Photo: REUTERS/Kerek Wongsa
Thailand has put a 15% tax in place to discourage foreign investment in the country, according to Reuters.The way the tax works is by hitting foreign investors who are investing in the country’s sovereign debt or the debt of government owned companies. The 15% tax applies to interest payments and capital gains on this debt.
Brazil has already engaged in such capital control moves, putting taxes on foreign investments. It hasn’t helped much.
Thailand is acting to slow the movement of capital into its economy, as foreign investors seek higher yields in the country’s debt, then they are receiving in developed markets. It is another means of fighting the currency war.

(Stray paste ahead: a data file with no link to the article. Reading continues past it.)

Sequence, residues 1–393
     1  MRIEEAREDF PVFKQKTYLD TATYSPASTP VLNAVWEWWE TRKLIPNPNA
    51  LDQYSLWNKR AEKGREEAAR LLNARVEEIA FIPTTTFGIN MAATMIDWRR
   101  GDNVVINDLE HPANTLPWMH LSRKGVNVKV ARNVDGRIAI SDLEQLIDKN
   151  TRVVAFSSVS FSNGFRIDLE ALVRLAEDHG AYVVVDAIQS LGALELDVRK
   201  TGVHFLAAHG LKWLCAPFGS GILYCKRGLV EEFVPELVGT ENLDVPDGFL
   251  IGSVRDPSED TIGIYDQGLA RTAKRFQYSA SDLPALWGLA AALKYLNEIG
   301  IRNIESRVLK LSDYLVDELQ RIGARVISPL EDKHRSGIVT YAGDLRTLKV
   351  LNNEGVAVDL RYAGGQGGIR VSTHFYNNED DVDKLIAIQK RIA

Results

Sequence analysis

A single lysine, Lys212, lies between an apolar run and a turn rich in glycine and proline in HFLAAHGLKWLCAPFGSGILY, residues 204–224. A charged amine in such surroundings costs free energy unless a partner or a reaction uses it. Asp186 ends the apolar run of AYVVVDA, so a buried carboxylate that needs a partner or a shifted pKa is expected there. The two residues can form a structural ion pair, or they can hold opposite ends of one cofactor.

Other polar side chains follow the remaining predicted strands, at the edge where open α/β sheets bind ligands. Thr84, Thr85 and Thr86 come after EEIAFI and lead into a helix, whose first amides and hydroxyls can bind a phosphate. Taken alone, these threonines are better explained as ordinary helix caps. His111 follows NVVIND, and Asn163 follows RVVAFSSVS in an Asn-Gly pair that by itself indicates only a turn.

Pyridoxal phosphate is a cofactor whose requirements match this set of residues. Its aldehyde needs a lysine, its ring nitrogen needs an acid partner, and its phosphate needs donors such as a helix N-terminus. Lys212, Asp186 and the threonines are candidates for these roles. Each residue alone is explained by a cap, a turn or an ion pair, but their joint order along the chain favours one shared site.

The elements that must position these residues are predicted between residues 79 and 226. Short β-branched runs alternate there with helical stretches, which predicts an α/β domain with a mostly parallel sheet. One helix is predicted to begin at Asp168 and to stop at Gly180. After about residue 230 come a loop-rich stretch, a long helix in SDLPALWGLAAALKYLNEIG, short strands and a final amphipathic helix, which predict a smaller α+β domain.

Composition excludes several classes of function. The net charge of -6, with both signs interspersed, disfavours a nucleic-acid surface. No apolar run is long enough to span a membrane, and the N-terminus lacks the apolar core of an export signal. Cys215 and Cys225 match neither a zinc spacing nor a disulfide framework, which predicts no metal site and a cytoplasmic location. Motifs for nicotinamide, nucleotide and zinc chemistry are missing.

While the Thai baht may continue to increase in value versus the dollar because of the impact of more quantitative easing, these taxes will slow the flow of money into Thailand, and theoretically reduce pressure on the currency.
To put in context the size of the inflows Thailand is seeing: In 2009, $730 million was invested in Thai bonds by foreigners; in the first 9 months of 2010, $4 billion was invested in Thai bonds by foreigners.
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